Peace Corps Association leader speaks to "kindred spirits"

"Once you give a gift, it's yours forever." Those words from Kevin Quigley, head of the National Peace Corps Association, surely resonated with the audience at the awards ceremony last week of the Catholic Institute for Lasallian Social Action (CILSA) at Saint Mary's College, which honored three members of the SMC community and the head of Catholic Charities of the East Bay for giving back to the world.

Before the awards ceremony, CILSA director Marshall Welch welcomed Quigley, this year's Woodrow Wilson Visiting Fellow, who told the audience about plans for the Peace Corps 50th anniversary on March 1 and commended the honorees for their commitment to service.

"I feel like I'm among kindred spirits," said Quigley, who has devoted his life to service since his years as a Peace Corps worker in Thailand.

Throughout the ceremony, the presenters referred to the words (in italics below) of Dorothy Day, co-founder of the Catholic Worker Movement and a champion of the poor and homeless.

"The greatest challenge of the day is: how do we bring about a revolution of the heart, a revolution that starts with each one of us."

Sharon Sobotta, director of the Women's Resource Center, received the Engaged Staff Award. In presenting it, Ryan Lamberton, CILSA's community engagement coordinator, said Sobotta "has a huge heart, and she has played a huge role in leading a revolution for the rights of women here on campus and in the community."

He said Sobotta, who is the author of "The Journey of Life: 100 Lessons from Around the World" and a contributor to KPFA and numerous magazines, believes that "everyone has a story worth sharing, and her mission is to give voice to people from every walk of life."

"We need always to be thinking and writing about poverty, for if we are not among its victims, its reality fades from us."

The Engaged Faculty Award went to Professor Shawny Anderson. CILSA Associate Director Jennifer Pigza, who introduced her, said she was nominated by one of the students who went to New Orleans and participated in Hurricane Katrina relief work as part of a January Term course led by Anderson.

In her nomination letter, the student wrote: "We were all pushed to new extremes on that trip, and our eyes were opened. We learned about community, poverty, compassion, racism, hard work, simplicity, and inequalities."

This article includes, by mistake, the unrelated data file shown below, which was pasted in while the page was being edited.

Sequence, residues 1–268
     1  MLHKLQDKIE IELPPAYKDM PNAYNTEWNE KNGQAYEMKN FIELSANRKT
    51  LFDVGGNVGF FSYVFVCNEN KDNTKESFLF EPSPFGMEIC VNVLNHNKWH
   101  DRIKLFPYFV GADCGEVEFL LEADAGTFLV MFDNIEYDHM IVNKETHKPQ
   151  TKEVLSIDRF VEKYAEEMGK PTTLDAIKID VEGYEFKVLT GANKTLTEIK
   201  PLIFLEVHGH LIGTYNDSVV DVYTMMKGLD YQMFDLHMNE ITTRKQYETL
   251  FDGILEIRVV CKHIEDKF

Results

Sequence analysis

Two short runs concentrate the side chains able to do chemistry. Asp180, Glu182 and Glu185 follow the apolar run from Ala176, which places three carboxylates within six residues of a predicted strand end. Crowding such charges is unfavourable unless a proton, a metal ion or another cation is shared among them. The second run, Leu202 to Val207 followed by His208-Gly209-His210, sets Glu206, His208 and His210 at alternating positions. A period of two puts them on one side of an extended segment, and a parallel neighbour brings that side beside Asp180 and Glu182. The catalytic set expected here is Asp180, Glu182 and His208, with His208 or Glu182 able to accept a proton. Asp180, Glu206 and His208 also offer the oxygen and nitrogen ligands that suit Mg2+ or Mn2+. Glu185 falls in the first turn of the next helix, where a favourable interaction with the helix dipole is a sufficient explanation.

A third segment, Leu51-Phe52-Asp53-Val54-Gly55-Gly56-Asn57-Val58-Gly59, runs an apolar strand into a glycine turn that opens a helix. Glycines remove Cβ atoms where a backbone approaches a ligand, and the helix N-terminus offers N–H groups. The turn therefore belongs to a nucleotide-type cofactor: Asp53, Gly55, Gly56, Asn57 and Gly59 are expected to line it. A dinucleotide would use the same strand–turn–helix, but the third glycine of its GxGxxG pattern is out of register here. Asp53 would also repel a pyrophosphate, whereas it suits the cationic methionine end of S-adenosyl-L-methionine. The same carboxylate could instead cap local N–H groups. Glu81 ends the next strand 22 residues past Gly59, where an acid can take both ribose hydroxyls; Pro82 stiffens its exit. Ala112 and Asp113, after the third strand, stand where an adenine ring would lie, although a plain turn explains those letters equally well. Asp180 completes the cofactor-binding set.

Accepting the award, Anderson said her approach to life is: "We can do something, so let's do it." And she credited her students for the honor, saying, "If I'm a good professor, it's because of you."

"We can throw our pebble in the pond and be confident that its ever-widening circle will reach around the world."

The Community Partner award was presented to Solomon Belette, executive director of Catholic Charities of the East Bay. Beth Hampson, CILSA Community Partnerships Coord inator, said Belette has "made a huge ripple effect on the lives of many."

A colleague who nominated Belette said his work exemplified CILSA's "head, heart and hands" motto and noted that his heart guides him to work with volunteers, including CILSA students, to "make sure they understand the deeper meaning and importance of the work they are doing."

Belette said he has been "impressed with the commitment to social service of SMC students" he has worked with, and he thanked them for their work on a number of projects, including the Family Literacy Program and the diocese's housing programs.

"Young people ask: What is the sense of our small effort? They cannot see that we must lay one brick at a time, take one step at a time..."

Andres Rodolfo Aguilar received the student award. Alicia Torres, site manager for CILSA's Jumpstart program, which coordinates student service to preschool children, said Aguilar "is a young man who has laid one brick at a time and taken one step at a time to make a difference in the lives of others."

Aguilar has been a Jumpstart leader and helped to lead Saturday of Service volunteer projects. He also played a role in the "Our Struggle Is Tied With Yours" coalition in 2010 and shaped the direction of the La Hermandad club, which supports Latino and Chicano culture on campus.

Accepting his award, Aguilar said he had found a new direction and a welcoming community in Saint Mary's since his sophomore year, when friends "introduced him to the concept of social justice" and added, "It has changed my life."

Teresa Castle
College Communications

Photos by Gabrielle Diaz '11

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